The daughter’s dog ran off last night. He slipped through a gate left ajar for a moment and vanished. ‘Atticus’ is all Border Collie: he’ll attempt to herd anything that moves and only ponders consequences about a half second before they impact him.
We, along with most of the eastern United States, happened to be under an emergency winter weather warning. Roads were glazed with nearly 2 inches of solid ice, snow pellets were falling and the 13 degree temp was not forecast to rise much for days. Search efforts were called off near midnight since it was too hazardous to drive and my daughter was risking frostbite from slogging through ditches and alleyways.
That’s my ‘Winter of 2015’ story.
|Minnesota Historical Society|
In October of 1880, a little family named Ingalls in DeSmet, South Dakota, was slammed by a three-day blizzard. Over the next seven months, they were ravaged by dozens of frigid whiteouts. Their cattle’s heads and legs froze to the ground. They ran out of food and were reduced to grinding wheat grains in a coffee mill to make crude bread. They ran out of firewood and kerosene. ‘Pa’ Ingalls braided hay into sticks to burn in the stove. The second oldest daughter, Laura, would later recount that she woke to find “ice crackled on the quilt where leaking rain had fallen.”
The family shivered, sang hymns and tried their best to keep spirits up. No trains would reach their town until the following May. With the food and supplies it brought, they were finally able to celebrate Christmas.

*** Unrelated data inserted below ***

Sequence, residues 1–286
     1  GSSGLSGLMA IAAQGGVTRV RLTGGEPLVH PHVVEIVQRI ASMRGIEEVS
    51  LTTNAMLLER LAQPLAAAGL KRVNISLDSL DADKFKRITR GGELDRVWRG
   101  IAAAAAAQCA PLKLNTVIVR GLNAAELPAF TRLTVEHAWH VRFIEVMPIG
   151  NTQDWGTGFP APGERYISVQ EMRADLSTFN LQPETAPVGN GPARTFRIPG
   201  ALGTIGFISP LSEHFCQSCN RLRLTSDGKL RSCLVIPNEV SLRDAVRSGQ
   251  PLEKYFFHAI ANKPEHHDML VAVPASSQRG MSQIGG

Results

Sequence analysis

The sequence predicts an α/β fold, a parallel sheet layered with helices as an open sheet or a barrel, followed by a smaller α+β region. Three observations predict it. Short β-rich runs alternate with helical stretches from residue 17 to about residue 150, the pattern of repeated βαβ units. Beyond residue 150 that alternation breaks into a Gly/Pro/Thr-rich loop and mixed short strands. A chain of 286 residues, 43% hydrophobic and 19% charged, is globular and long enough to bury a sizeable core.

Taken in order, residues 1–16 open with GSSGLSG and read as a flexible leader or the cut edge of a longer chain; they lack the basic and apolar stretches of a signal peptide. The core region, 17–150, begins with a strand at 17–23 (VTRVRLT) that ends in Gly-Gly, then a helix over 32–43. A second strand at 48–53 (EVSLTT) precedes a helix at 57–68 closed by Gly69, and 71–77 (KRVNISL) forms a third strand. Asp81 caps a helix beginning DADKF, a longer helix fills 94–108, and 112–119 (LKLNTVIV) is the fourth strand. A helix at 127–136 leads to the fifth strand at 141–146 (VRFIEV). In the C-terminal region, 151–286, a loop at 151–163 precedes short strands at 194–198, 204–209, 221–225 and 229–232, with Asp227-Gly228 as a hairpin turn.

|This lighthearted cover design belies the|
hardship suffered by the Ingalls
family during the long brutal winter.
Meteorologists have confirmed through records that the merciless winter of 1880-81 was just as Laura described it, down to the dates.
I want to be that kind of writer–who captures details that make readers shiver, who brands a story into their minds, who encourages young ones to grow up and be writers too. That caliber of writing is born of inspiration in the face of extreme hardship. I’m working on that one.
I suggested to Atticus this morning that he might want to chronicle his twelve-hour ordeal in the icy wilds of middle Tennessee. He shuddered and averted his eyes as if to say, I’ve seen things. Things civilized dogs ought not to see…
All the best,
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